Cloudspire has many options, but in a two player game you win by conquering your opponent’s gate or having the most powerful gate if both still stand. This is probably the best way to play it, but a few other options are available. If three or four people play on a map, then winning requires all other gates to be down or to have the strongest gate at the end of the fourth wave. If a gate goes down, the player can repair it to a strength of three at the start of the next wave. You can also play Cloudspire as a solo or two player cooperative game. Separate scenarios are included to play this mode, which is similar to a horde or onslaught mode with the players trying to survive waves of enemies.

Cloudspire includes four different factions to play, and each one feels unique because of the talents each of the units can have. These talents set each faction apart and give them their own distinct personalities. Talents include things like being able to fly or attack flying units, summoning other units, reducing damage, healing damage, attacking with splash damage, and being able to promote other units. Each faction has their own sheet that explains what each talent does. Unfortunately, there isn’t a single sheet of the talents in the box with all of them on it so you can see what talents your approaching enemies have.

As you might expect, Cloudspire is not a short game. Having factions laid out in their own trays helps the setup time, but setting up the board and the market takes time. If you have someone who takes a while to make decisions, the market and build phases could take especially long to complete. As the waves go, you get more options and more source to do with what you want. You’ll want to block off a good amount of time to play the game. Chip Theory suggests performing the build phases, prep, and onslaught phases simultaneously to help the game move along faster. You just have to be careful in the onslaught phase when heroes and minions might meet up together. Chip Theory also suggests playing three waves instead of four to shorten the game.

If you’re familiar with other Chip Theory Games products, you know their components are top notch. The neoprene board works well, and the fact they used hexes makes them unique. The chips for the units have a nice heft to them. The artwork on these chips are in full color instead of the monochrome chips of Too Many Bones, making them pop. The stacks of chips really give the game a unique table presence. All the chips have storage trays for putting it into the box, but they’ve also included barracks organizers that can be used to hold your faction’s hero, minion, and spire chips. The health chips are the same quality as the Too Many Bones plastic, so they aren’t as heavy. They work fine, but Chip Theory Games sells upgraded health chips as well. This means that it’s not a cheap game, and you’ll need to get it at a game convention or directly from them through their website.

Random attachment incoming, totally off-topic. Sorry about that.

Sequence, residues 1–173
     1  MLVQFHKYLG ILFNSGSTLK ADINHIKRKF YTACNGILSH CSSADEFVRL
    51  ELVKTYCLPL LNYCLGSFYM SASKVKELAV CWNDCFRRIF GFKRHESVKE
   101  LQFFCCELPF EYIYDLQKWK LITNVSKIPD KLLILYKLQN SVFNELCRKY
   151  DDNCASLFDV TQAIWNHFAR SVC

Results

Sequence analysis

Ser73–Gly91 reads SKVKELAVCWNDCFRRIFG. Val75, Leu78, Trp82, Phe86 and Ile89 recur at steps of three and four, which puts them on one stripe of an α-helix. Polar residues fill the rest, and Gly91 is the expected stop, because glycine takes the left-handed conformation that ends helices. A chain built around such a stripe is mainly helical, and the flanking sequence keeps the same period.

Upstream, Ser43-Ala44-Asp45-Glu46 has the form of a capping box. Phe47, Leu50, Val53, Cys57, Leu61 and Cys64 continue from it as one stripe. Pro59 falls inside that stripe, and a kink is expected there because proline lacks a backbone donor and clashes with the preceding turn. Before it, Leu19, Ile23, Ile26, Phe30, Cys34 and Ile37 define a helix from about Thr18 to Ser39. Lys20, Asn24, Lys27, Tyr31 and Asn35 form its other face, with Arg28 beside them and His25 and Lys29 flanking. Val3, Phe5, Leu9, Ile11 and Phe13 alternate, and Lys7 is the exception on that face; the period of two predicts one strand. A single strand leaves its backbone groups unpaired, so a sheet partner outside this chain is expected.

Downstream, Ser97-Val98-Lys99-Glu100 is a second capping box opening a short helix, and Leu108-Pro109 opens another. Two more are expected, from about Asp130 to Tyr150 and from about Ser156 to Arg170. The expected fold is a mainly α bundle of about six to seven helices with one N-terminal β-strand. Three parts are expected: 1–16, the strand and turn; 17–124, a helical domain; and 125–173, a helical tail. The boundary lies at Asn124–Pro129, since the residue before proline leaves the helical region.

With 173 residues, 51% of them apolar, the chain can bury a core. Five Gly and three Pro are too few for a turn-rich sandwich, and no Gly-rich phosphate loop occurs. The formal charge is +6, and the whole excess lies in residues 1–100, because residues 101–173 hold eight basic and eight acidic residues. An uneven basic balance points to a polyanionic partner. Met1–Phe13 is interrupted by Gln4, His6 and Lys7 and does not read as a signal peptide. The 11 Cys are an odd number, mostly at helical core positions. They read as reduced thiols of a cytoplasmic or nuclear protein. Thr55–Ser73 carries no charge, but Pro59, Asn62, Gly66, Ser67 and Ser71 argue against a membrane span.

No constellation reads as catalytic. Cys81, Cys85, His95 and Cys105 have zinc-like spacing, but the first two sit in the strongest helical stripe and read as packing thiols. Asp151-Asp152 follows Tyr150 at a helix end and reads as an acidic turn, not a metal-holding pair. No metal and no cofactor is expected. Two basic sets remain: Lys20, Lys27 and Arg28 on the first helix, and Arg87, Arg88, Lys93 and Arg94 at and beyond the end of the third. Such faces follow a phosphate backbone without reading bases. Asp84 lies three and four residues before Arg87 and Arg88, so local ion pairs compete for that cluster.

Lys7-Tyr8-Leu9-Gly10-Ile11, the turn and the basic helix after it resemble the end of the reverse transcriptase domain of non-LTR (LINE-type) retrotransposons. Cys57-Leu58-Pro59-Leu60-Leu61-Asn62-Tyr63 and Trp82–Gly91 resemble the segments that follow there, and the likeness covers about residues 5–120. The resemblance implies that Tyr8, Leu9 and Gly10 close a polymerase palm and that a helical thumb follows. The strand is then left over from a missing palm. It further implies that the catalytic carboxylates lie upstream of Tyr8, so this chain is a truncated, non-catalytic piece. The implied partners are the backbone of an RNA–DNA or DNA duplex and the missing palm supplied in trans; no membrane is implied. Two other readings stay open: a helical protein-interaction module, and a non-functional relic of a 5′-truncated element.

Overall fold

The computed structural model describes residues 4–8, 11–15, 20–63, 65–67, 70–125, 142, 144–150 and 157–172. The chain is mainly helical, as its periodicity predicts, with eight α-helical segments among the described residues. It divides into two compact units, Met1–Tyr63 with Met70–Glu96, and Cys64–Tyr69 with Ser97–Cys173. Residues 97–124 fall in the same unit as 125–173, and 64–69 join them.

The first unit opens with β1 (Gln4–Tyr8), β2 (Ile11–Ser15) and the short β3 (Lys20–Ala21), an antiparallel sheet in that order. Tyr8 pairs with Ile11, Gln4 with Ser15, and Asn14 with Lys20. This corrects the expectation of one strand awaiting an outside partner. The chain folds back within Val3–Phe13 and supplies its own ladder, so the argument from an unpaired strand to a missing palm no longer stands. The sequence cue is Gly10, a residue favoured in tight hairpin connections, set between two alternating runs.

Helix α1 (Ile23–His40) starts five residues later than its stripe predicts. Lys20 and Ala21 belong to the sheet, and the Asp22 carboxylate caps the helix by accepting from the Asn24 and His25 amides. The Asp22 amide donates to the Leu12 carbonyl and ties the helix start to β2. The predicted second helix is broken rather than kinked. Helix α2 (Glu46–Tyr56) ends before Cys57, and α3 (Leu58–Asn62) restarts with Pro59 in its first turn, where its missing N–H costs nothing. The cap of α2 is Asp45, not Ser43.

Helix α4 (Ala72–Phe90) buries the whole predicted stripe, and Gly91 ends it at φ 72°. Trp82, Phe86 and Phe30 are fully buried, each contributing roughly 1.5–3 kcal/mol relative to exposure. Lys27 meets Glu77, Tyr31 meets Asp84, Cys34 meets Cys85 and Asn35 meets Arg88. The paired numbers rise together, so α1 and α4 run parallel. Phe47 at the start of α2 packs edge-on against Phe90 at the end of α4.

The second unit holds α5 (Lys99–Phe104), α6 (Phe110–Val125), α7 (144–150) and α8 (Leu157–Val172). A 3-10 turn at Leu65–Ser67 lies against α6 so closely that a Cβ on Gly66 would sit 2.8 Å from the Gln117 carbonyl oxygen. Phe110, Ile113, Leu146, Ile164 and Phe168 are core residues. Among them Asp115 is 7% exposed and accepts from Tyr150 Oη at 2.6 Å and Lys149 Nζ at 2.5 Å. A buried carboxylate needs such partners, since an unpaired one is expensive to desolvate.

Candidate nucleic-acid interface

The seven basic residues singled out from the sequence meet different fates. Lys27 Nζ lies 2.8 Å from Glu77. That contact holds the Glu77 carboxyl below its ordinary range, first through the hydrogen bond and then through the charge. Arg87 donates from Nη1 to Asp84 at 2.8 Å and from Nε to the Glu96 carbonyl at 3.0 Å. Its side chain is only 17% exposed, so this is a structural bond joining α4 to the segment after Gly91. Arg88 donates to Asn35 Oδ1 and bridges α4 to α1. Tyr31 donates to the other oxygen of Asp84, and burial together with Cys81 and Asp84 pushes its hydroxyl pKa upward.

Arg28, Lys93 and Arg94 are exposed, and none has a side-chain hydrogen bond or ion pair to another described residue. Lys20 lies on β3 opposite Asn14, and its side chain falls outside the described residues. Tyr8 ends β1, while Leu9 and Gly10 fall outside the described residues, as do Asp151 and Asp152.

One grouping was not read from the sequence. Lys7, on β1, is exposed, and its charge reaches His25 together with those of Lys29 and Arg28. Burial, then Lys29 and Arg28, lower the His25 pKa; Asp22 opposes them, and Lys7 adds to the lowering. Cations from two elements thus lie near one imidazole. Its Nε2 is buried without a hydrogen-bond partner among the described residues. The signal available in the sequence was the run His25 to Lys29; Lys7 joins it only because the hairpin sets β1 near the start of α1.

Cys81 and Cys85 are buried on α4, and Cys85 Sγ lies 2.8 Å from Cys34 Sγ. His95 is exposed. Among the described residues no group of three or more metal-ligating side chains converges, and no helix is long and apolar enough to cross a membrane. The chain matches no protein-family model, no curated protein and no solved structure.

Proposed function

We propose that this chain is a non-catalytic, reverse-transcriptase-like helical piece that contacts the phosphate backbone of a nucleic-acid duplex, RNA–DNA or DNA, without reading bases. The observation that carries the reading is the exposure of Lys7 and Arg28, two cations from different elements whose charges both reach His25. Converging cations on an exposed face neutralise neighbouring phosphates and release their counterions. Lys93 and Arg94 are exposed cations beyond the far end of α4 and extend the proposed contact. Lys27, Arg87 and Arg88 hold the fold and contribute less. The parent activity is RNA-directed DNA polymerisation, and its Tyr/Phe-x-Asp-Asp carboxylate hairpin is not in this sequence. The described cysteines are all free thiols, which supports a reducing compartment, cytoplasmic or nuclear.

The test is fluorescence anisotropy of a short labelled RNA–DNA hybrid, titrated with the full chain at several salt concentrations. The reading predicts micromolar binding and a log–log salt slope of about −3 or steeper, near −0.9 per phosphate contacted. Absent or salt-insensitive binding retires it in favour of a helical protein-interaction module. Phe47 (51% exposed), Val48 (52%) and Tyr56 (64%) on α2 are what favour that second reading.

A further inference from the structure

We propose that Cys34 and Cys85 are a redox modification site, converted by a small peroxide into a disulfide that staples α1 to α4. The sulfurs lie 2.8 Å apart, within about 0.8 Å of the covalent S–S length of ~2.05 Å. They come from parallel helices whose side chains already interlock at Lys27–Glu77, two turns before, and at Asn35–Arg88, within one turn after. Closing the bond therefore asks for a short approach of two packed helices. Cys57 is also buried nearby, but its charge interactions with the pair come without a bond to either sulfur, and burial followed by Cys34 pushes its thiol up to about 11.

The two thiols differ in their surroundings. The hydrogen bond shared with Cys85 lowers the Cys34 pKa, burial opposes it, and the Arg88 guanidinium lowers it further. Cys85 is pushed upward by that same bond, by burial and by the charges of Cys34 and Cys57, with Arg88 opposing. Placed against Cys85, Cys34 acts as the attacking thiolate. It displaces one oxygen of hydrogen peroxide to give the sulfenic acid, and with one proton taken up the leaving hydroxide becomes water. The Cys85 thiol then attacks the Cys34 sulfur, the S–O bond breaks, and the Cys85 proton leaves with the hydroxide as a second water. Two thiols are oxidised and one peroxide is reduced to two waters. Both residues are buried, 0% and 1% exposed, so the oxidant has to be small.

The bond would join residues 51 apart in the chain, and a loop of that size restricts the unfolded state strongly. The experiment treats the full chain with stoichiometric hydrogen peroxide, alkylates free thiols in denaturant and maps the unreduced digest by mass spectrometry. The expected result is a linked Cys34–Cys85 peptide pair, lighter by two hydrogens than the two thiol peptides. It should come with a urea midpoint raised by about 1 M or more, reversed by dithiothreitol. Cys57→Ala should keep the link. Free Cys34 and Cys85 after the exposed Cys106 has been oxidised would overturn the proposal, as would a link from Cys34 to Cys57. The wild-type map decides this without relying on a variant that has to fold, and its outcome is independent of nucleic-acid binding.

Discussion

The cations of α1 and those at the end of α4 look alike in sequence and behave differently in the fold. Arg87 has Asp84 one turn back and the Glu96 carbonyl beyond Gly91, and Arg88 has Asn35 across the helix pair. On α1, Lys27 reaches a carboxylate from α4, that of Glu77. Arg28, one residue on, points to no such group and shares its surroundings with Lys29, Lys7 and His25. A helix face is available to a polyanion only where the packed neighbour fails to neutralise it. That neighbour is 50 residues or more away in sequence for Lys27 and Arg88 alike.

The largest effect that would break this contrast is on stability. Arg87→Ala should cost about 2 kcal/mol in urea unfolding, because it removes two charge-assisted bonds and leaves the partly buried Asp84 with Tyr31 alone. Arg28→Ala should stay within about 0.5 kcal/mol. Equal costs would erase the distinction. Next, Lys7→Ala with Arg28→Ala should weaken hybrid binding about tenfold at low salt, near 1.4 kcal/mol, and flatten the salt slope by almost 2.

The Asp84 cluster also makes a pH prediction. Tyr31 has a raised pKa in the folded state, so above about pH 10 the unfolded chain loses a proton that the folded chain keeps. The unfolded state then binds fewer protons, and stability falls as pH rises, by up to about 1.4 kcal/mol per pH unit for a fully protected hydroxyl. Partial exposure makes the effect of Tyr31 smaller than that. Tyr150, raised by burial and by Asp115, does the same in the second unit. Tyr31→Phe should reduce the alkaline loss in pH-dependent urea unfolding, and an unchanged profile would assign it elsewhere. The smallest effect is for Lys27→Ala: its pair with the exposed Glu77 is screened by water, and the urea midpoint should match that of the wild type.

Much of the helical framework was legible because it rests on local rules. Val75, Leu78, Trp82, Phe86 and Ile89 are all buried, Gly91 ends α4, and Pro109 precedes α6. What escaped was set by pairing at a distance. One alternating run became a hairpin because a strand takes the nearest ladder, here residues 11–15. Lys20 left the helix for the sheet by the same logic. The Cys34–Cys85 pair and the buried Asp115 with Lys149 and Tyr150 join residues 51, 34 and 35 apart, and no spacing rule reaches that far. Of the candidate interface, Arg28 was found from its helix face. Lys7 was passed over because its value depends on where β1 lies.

The more you play Cloudspire, the more you’ll get out of it. You might feel like you don’t have much control over the minions, but the order and grouping of them can make a huge difference how long they’ll survive. Do you have them move separately to try to attack more enemies, or do you stack them together to surprise the opponent? Do you move your heroes first or last? Do you build a spire at your base or try to get a location on the path ahead of your base? How many upgrades should you build on your spire, and which ones? With the four included factions playing much differently, the number of options are vast.

Senior Tabletop Editor | [email protected]

While not working as a Database Administrator, Keith Schleicher has been associated with Gaming Trend since 2003. While his love of video games started with the Telestar Alpha (a pong console with four different games), he trule started playing video games when he received the ill-fated TI-99/4A. While the Speech Synthesizer seemed to be the height of gaming, eventually a 286 AT computer running at 8/12 Hz and a CGA monitor would be his outlet for a while. Eventually he’d graduate to 386, 486, Pentium, and Athlon systems, building some of those systems while doing some hardware reviews and attending Comdex. With the release of the Dreamcast that started his conversion to the console world. Since then he has acquired an NES, SNES, PS2, PS3, PSP, GBA-SP, DS, Xbox, Xbox 360, Xbox One S, Gamecube, Wii, Switch, and Oculus Quest 2. While not playing video games he enjoys bowling, reading, playing board games, listening to music, and watching movies and TV. He originally hails from Wisconsin but is now living in Michigan with his wife and sons.




Review Guidelines

Chip Theory Games doesn't disappoint with Cloudspire. The game can feel overwhelming at first, but as you play you'll feel the rhythm of the waves. You can try to plan the best you can, but you never know what kind of curve balls you'll encounter on the map and from your opponent. The faction strengths can help guide your strategy, but you will need to try to address their weaknesses as well. You might be asking “what if…” after your game, but that’s often a sign you'll want to pull it out again soon. If you can find others to play this with, you'll find yourself with a satisfying experience.

Keith Schleicher

Unless otherwise stated, the product in this article was provided for review purposes.